- The Food and Drug Administration called for further testing by Philips to evaluate the risks of soundproofing foam used in its recalled sleep apnea machines and ventilators.
- “We do not believe that the testing and analysis Philips has shared to date are adequate to fully evaluate the risks posed to users from the recalled devices,” Jeff Shuren, director of the FDA's Center for Devices and Radiological Health, said in a Thursday statement that included more details on the recall and the agency’s actions.
- Philips has claimed use of the devices is "not expected to result in appreciable harm to health in patients,” but agreed with the FDA’s recommendations to run additional testing.
Philips’ recall of sleep apnea devices and ventilators has continued since June 2021, when the company began an effort to repair or replace millions of devices that used polyester-based polyurethane (PE-PUR) foam for soundproofing.
The company first disclosed the foam problems in April 2021, flagging possible risks to users of some CPAP machines in an earnings call.
It found that the sound abatement foam could break down into particles that can be inhaled by patients who use the machines. Exposure to these compounds could cause nausea, headaches, inflammation and “toxic carcinogenic effects,” according to an FDA recall notice.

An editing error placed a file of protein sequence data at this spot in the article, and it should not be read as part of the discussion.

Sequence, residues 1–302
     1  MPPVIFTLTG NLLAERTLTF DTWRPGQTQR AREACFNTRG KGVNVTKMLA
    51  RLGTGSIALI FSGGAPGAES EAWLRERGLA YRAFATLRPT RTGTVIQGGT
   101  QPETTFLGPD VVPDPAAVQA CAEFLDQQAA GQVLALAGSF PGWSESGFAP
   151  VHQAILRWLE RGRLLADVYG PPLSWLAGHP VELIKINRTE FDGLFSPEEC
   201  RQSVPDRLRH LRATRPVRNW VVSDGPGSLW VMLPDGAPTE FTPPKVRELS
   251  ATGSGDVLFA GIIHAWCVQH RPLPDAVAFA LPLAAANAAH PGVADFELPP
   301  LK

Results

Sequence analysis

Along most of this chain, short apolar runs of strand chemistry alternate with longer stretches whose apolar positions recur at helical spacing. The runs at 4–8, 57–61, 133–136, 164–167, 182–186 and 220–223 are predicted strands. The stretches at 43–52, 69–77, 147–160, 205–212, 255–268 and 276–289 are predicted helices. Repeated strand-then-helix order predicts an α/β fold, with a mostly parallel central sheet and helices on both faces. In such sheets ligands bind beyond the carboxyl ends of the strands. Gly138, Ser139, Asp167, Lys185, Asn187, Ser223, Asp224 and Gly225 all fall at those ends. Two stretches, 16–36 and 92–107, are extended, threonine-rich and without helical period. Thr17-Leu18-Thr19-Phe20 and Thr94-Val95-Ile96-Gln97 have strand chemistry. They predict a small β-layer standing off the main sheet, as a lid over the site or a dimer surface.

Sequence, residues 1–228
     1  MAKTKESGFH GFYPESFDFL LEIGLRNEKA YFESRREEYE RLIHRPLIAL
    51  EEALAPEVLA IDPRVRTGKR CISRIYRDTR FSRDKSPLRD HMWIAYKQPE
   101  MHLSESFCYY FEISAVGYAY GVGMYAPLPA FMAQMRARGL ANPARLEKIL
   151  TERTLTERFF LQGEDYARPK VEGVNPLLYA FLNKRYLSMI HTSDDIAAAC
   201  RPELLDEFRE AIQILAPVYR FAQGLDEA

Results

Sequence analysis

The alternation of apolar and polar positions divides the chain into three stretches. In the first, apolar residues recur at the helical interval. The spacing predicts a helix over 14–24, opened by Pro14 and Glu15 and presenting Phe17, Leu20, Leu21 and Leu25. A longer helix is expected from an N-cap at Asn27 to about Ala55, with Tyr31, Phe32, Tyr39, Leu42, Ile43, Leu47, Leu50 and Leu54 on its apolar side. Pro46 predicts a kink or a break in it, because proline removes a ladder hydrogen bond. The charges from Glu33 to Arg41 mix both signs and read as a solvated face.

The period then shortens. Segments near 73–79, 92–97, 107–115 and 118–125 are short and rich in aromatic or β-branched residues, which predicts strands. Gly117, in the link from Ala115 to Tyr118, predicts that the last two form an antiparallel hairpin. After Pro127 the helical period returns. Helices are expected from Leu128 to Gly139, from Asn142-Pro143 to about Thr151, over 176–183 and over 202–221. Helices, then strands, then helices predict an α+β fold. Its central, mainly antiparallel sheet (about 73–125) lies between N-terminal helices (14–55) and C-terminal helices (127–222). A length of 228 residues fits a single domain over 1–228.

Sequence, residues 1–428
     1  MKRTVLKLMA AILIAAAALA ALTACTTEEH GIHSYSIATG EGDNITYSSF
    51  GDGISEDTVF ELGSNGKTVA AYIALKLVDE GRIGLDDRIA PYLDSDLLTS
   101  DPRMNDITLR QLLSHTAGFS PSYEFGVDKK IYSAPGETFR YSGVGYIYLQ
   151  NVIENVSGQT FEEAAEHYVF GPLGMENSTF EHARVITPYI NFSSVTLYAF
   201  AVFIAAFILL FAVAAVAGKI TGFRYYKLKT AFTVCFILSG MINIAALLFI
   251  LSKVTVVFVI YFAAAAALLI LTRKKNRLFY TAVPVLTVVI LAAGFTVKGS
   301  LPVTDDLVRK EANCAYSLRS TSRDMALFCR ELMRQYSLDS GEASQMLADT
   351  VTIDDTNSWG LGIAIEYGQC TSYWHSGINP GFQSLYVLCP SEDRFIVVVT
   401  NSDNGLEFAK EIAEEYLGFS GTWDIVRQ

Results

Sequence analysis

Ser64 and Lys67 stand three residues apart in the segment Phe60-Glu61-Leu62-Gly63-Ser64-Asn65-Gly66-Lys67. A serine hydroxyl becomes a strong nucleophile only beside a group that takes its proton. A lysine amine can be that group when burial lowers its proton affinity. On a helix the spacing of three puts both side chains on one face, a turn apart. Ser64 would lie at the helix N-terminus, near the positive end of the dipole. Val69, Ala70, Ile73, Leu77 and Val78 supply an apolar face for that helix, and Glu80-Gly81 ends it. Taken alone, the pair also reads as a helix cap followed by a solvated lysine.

More than 15 million devices could be affected, according to the FDA’s recall database, including about 10 million in the U.S. alone.
Since then, Philips has walked back some of its statements about the foam risk. Based on the results of a test and research program the company ran with five independent laboratories, it claimed the devices were unlikely to harm patients’ health.
After reviewing the available data, the FDA said that it does not believe the testing and analysis is adequate to evaluate the risks to users, and called for additional testing. Philips spokesperson Steve Klink wrote in an emailed statement that Philips has agreed with the FDA’s recommendations to implement additional testing. The company is still in discussions with the FDA on the details of that further testing.
Philips is in the process of sending patients repaired or replacement devices. According to the company's website, it has sent 2.49 million remediated devices to patients or durable medical equipment providers.
Recently, the company settled a class action lawsuit by patients who purchased the recalled devices, agreeing to pay out a minimum of $479 million. The company still faces personal injury claims, and is in talks with the U.S. Department of Justice about a proposed consent decree.
Sen. Richard Blumenthal has also called for action from the DOJ after ProPublica and the Pittsburgh Post Gazette found that Philips withheld thousands of complaints from the FDA in the 11 years leading up to the recall.